When no bank was willing to test the US market’s support for a publicly traded cannabis company, Cowen stepped in and delivered the best-performing IPO in years. In its centenary year, Cowen is IFR’s US Mid-Market Equity House of the Year.
Canadian medical cannabis grower Tilray’s eye-catching Nasdaq debut in July legitimised cannabis as an institutional investment theme and proved a missed opportunity for Wall Street banks unable or unwilling to bank the emerging industry. But not for Cowen.
The New York-based mid-market investment bank was already well aware of the cannabis industry and its global potential, proving nimbler than rivals to lead what was easily the year’s hottest and most talked about IPO.
Cowen senior research analyst Vivien Azer was first to identify cannabis’s explosive growth potential in a ground-breaking initiation of research on the industry two years earlier. The view then, and now, was that the industry was a logical extension of a healthcare research practice.
“We are a research-driven firm,” said Larry Wieseneck, co-president at Cowen and a longtime Lehman Brothers/Barclays banker who joined Cowen in late 2017. “We unabashedly believe in the value of our intellectual content and it has to be combined with real muscle.”
Through a series of high-profile hires, Cowen has 10 analysts at managing director level in the healthcare group, covering everything from biotech to large pharma as well as diagnostics and medical devices. Overall, the bank covers more than 900 companies across seven verticals.
Rivals, particularly at bulge-bracket firms, complain that Cowen “overpays”, but that only underscores Cowen’s dedication to research.
With US Attorney General Jeff Sessions in January labelling cannabis a “dangerous drug” and “marijuana activity” a “serious crime”, on the one hand, and Canadian federal government legalising the green stuff in October, on the other, the July float needed careful planning.
Cowen outlined a very specific strategy to Tilray management.
The first step was a US$55m private placement in January to provide standalone funding and create a Canadian-domiciled corporate structure distinct from US private equity backer Privateer Holdings.
In March, Tilray confidentially filed documents with US regulators and began an extensive investor education campaign in preparation for the IPO that canvassed some 300 institutions globally.
“Every time we mentioned cannabis to most institutional investors they would begin to giggle and laugh,” said Tilray CFO Mark Castaneda. “They didn’t believe it was a real industry.”
Cowen followed with a 9m-share, all-primary offering in July that it priced at US$17, above the US$14–$16 marketing range, and that it allocated 75% to US institutions and the balance globally – all institutional investors.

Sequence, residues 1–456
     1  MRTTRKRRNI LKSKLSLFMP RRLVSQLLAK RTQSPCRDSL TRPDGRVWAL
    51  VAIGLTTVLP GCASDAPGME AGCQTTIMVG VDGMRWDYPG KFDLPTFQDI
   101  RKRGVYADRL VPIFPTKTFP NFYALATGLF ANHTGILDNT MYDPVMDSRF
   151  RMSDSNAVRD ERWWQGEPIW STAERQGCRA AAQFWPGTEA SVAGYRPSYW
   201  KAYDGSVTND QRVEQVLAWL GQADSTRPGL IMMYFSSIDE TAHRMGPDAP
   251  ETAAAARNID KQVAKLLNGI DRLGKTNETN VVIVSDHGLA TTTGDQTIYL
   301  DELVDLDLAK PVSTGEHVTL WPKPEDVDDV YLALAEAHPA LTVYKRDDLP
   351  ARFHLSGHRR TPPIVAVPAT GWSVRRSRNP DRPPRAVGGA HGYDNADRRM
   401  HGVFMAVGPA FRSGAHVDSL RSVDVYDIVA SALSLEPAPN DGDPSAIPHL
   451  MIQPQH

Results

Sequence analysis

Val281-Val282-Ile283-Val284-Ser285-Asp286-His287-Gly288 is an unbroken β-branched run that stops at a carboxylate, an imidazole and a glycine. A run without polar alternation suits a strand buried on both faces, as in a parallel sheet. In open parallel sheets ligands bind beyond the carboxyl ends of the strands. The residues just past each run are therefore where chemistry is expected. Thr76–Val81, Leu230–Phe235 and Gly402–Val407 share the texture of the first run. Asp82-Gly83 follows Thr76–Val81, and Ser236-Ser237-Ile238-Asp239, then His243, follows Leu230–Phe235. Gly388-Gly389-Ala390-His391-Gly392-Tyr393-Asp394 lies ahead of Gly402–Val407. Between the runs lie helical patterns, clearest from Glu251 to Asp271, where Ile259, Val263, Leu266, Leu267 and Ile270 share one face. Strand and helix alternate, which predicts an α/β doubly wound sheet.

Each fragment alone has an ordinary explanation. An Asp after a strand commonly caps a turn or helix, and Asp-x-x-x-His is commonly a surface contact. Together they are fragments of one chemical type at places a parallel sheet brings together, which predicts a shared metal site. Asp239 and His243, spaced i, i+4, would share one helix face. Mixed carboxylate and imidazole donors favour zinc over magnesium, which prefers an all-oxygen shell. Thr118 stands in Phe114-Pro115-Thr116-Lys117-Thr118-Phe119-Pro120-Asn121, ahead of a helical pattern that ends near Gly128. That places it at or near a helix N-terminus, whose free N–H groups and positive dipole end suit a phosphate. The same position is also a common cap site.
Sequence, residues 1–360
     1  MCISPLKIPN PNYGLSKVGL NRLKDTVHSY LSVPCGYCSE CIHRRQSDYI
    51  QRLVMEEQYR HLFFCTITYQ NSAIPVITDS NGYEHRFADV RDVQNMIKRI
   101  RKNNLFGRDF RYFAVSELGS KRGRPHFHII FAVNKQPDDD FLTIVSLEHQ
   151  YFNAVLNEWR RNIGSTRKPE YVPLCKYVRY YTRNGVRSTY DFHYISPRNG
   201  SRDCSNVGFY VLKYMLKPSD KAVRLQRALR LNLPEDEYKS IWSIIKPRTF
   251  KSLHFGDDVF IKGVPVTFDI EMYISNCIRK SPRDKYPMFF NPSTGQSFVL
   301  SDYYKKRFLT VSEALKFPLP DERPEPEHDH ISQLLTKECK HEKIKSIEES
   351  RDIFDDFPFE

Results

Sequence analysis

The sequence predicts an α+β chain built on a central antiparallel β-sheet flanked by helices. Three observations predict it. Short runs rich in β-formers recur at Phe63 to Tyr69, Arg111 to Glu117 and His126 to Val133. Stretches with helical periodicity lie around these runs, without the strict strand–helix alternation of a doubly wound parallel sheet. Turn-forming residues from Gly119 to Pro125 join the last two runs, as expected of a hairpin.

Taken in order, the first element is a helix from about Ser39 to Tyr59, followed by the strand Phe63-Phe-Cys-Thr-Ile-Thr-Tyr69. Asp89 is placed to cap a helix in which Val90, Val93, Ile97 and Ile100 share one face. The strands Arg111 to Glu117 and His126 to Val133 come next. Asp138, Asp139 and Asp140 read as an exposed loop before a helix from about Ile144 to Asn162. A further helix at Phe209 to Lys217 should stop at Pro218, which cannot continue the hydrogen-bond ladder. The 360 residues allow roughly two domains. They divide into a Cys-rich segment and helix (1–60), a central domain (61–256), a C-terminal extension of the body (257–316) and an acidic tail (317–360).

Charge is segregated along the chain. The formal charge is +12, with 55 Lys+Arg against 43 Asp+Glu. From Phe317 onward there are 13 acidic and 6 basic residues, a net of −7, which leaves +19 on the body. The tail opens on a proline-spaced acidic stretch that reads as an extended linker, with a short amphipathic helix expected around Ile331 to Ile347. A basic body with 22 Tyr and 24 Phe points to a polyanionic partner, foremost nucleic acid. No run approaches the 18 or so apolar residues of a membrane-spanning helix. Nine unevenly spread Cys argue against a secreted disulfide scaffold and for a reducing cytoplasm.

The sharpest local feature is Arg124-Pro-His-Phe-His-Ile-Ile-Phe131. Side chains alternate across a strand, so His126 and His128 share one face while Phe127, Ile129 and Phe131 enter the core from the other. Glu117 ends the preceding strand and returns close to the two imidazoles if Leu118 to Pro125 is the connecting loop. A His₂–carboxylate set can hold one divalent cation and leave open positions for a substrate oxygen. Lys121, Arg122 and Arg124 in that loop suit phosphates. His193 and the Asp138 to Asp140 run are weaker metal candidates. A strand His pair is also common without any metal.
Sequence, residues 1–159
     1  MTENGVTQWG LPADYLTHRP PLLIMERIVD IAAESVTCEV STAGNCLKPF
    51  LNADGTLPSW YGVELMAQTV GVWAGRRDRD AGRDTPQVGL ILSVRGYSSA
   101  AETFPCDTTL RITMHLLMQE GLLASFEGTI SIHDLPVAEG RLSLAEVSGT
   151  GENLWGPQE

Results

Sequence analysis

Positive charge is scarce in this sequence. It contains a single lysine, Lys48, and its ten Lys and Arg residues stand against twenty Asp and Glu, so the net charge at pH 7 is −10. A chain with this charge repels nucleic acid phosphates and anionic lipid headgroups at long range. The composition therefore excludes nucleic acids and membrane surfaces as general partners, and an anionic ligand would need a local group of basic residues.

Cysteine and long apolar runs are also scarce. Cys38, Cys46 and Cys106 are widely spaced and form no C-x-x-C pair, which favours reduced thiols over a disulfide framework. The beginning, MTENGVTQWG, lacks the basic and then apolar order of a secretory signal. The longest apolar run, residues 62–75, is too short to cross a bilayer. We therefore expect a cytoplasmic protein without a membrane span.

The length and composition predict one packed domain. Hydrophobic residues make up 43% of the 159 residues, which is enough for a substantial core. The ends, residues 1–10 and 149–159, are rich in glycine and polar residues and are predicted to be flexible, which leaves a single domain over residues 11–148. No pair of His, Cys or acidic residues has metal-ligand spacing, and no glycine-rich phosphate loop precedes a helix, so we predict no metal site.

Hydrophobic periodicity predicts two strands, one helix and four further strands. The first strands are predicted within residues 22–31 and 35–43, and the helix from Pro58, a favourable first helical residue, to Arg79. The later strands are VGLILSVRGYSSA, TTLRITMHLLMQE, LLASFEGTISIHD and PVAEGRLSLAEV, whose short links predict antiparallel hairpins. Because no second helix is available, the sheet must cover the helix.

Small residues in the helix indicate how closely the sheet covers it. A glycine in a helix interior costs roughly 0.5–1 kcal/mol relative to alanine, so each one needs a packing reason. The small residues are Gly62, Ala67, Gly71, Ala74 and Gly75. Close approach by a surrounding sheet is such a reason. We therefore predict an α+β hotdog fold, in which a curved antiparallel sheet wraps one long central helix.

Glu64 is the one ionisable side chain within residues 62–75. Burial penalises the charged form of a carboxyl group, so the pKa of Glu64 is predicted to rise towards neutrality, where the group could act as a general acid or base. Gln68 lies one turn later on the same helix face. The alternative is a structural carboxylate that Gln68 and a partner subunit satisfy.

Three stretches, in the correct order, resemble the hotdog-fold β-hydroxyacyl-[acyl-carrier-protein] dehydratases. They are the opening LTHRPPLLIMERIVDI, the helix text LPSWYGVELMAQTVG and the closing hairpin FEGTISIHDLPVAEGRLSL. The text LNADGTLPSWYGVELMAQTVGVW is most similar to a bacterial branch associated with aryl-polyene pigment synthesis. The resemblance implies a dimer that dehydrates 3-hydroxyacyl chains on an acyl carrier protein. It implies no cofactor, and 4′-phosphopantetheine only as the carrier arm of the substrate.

Tilray landed the bulk of its working capital needs with a US$475m five-year CB in October that printed with a 5% coupon and conversion price of US$167.41 per share, a 15% premium at the time and nearly 10 times the IPO price.
Cannabis is but one part of the healthcare operation. Cowen bookran 16 healthcare IPOs that raised a total of US$1.9bn. The bank’s bookrunner share ranked it fourth in the sector (second by number of deals) ahead of many bulge-bracket firms. Include follow-ons and the bank logged 68 deals totalling a league table share of US$3.45bn to rank it 13th in the US combined equity league table.
Arguably, no client has been as emblematic of Cowen’s emergence as Bluebird Bio.
Building from a co-manager role on the IPO five years ago, Cowen capped a long-standing relationship with a bookrunner slot on Bluebird’s US$632.5m follow-on offering in July.
“If you work with the best companies and do a good job for them, they will come back to you,” said Grant Miller, Cowen’s head of capital markets.
Allogene Therapeutics, a clinical stage biotech, is among the next generation of drug developers. In October, Cowen helped the company raise a mammoth US$372m on its IPO, the largest-ever by a biotech in that stage of development.
That same month, Orchard Therapeutics secured US$200m on its IPO, even as investor sentiment was beginning to sour. A big reason for the successful outcome was a US$100m crossover private in August that Cowen helped place with a dozen institutions.
Wieseneck and Miller are both quick to acknowledge that healthcare is volatile.
Mandates such as financial payment processor I3 Verticals’ US$99.4m IPO in June and the US$163m spin-off IPO of Netgear’s home security arm Arlo Technologies in August are signposts of diversification.
Cowen is laying the groundwork for further expansion.
In November, the firm forged an exclusive agreement with energy-focused adviser Intrepid Financial Partners to provide capital market services for energy companies, tapping into Wieseneck’s deep base of relationships. Intrepid founder Skip McGee and Wieseneck worked together at Lehman Brothers and Barclays.
An agreement to purchase mid-market M&A adviser Quarton International, also struck in November, points to continued expansion.
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